No such shenanigans with the LPO and Mr Jurowski who delivered a beautifully layered interpretation with the LPO chorus, split antiphonally, as persuasive as I had ever heard. In fact they made it look and sound easy which, as the paucity of live interpretations reminds us, it most certainly is not. I would point to Joshua Bloom and late replacement Sam Furness as the pick of the soloists, but then again then had more time to shine in the central passages.
Prior to the Sinfonia the Swingles served up a vocal arrangement of Stravinsky’s Tango, complete with beatbox, which I think improved on the orchestral and piano versions previously heard in this Series. And, after another a cappella treat in the form of the Piazzolla Libertango, the LPO encored with Stravinsky’s Circus Polka to send us on our way with a Yo Ho Ho.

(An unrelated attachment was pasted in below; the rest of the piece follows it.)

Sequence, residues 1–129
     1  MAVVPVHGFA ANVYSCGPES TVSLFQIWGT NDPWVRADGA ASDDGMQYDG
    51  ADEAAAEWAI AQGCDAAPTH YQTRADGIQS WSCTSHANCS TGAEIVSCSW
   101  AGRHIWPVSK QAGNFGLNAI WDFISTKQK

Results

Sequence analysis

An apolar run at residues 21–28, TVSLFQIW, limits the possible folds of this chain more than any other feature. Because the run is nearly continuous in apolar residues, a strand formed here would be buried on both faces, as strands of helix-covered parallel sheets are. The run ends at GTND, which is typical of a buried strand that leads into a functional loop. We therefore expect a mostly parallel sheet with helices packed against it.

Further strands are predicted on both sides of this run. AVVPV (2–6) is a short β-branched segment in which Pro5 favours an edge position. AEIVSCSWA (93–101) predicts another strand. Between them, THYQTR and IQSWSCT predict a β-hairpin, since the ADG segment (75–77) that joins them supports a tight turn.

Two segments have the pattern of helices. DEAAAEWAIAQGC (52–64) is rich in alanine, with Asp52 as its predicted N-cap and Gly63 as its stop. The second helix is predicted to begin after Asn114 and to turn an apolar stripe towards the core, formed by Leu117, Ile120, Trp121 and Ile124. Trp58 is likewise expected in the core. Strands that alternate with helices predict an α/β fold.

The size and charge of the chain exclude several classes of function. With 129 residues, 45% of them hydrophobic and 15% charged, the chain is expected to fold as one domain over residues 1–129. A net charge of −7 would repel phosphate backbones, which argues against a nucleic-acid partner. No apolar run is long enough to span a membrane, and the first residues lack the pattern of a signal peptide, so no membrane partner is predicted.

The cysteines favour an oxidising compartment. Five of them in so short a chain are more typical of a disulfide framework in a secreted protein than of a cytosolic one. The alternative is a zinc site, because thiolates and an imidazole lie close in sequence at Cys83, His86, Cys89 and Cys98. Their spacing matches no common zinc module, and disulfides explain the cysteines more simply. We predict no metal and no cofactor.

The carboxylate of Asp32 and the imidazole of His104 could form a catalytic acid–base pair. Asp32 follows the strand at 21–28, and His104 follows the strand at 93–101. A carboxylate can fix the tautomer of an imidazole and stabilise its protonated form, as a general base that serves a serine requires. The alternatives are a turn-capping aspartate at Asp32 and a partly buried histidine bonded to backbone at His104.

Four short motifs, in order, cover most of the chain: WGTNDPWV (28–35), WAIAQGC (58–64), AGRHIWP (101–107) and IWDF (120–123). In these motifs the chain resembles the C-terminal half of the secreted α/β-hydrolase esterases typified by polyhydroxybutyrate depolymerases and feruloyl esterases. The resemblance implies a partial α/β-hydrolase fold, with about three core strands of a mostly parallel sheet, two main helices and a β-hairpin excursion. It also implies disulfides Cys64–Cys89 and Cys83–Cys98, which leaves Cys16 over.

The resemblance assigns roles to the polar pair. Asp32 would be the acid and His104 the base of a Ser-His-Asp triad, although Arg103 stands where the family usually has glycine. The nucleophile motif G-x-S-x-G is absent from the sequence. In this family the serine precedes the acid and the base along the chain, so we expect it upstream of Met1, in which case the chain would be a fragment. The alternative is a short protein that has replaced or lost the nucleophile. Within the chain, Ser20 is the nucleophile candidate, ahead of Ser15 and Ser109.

Spare a thought though for Maxim Mikhailov the Russian bass, from a long line of Russian basses, who was booked for the Threni solo part and who sang in the Requiem Canticles here a few weeks ago. He died on 21st November. Seems like he was beaten up on a Moscow street. FFS.
London Philharmonic Orchestra, Thomas Ades, Kirill Gerstein (piano)
Royal Festival Hall, 26th September 2018
Igor Stravinsky – Symphony in Three Movements
Thomas Ades – In Seven Days (Concerto for piano and orchestra)
Witold Lutoslawski – Symphony No 3
Thomas Ades is a talented chap. As composer, conductor and performer he follows in the footsteps of some of the greats., and I for one think there is a lot more to come. Some of the most memorable classical music evenings I have enjoyed in the past few years have been graced by his presence.
So although his own piano concerto, and the Lutoslawski (there he is above), were pieces I knew only by reputation, this, the opening concert of the LPO 18/19 season, looked a good bet. And it certainly came up trumps. Mr Ades has a way with Stravinsky as you might expect, his own music was greatly enhanced by Kirill Gernstein as the soloist (of sorts), who showed his affinity with TA’s music in one of his mazurkas as encore, but it was actually the Lutoslawski symphony that turned out to be the highlight of the evening.